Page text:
Business & Leadership Behaviors

Return on Investment: Finding the Why in Asset Management Solutions – Show Me The Money

In earlier posts, we talked about the three key components of the ROI for an Asset Management Solution (AMS) – Data, Money and Ease of Use. Last week, we talked about Data. This week, we’ll focus on the Money.

You may have many reasons for seeking an AMS – need for better data, easier for the users, preference for automation, etc. However, unless the money aspect of the Return is solid, you may never even get approval for the project. This return extends beyond a simple price tag. It’s a lot like buying a car – you have to look at the whole cost of owning the car, not just the purchase price, to understand what your full investment will be and what you’ll get in return.

Break down the investment
So what is the whole cost of an AMS. You have to buy the software – which is like the sticker price on the car. In order to legally use the car – there are taxes, registration fees, etc. For an AMS, these are your implementation fees. Like licensing, these are another one-time investment. But depending on how complicated your needs are, what network connectivity and equipment you already have in place, how much training your users and administrators will need – standing up an AMS could really impact your costs.

Once the AMS is in place, there are the ongoing investments needed to keep the system in optimal form such as maintenance, periodic training, user support and any time your IT department spends to administer the system. If the AMS you choose requires significant time and attention, the ongoing costs might really throw off your ROI.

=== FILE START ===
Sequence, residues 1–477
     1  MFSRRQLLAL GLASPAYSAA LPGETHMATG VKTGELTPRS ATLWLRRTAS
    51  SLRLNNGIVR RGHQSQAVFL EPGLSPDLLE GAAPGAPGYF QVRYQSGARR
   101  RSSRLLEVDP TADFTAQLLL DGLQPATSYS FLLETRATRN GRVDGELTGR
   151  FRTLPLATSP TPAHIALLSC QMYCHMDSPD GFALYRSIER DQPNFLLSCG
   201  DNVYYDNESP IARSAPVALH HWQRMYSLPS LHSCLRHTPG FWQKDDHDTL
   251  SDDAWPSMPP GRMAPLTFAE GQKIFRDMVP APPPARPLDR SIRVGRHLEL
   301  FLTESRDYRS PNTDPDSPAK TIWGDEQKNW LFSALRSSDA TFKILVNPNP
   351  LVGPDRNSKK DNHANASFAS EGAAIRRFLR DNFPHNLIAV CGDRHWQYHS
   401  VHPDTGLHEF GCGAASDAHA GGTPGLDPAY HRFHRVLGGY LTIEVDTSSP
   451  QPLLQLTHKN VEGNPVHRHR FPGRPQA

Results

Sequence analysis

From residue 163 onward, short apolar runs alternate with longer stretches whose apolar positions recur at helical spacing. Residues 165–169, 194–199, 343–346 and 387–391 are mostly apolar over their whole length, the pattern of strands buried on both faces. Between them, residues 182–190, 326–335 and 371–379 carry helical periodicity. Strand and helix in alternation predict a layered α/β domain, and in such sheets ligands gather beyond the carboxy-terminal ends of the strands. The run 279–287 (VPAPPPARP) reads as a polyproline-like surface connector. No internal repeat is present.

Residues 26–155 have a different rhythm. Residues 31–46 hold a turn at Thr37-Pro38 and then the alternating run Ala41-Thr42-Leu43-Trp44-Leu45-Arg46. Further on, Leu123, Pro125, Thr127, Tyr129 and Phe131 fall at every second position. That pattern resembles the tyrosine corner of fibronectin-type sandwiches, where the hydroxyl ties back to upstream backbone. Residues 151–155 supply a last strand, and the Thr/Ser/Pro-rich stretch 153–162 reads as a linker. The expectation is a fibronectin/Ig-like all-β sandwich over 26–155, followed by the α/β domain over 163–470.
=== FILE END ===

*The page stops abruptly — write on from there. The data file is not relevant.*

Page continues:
The Bang for your Buck
In light of the investment – where’s the return? The cost savings, like the investment, come in a few different forms:

  • Labor savings:
    • It should take less time to conduct your inventories o You should see significant savings in the first inventory activity (faster to complete from asset to PS) and ongoing savings every time the solution is used
  • Found Assets: An effective AMS will pay for itself in the first inventory in found assets alone
    • Accuracy will be significantly improved when an AMS can get the inventory data directly from the asset to PeopleSoft, without hand written notes or key entries
  • Fewer Asset Purchases: When you know what you have, where you have it and what condition it is in, asset purchases will be lowered
    • Eliminate replacements for assets thought to be lost
    • Minimize need for a “pool of spares”
    • Extend the useful life of the asset – actually use and benefit from what you’ve already purchased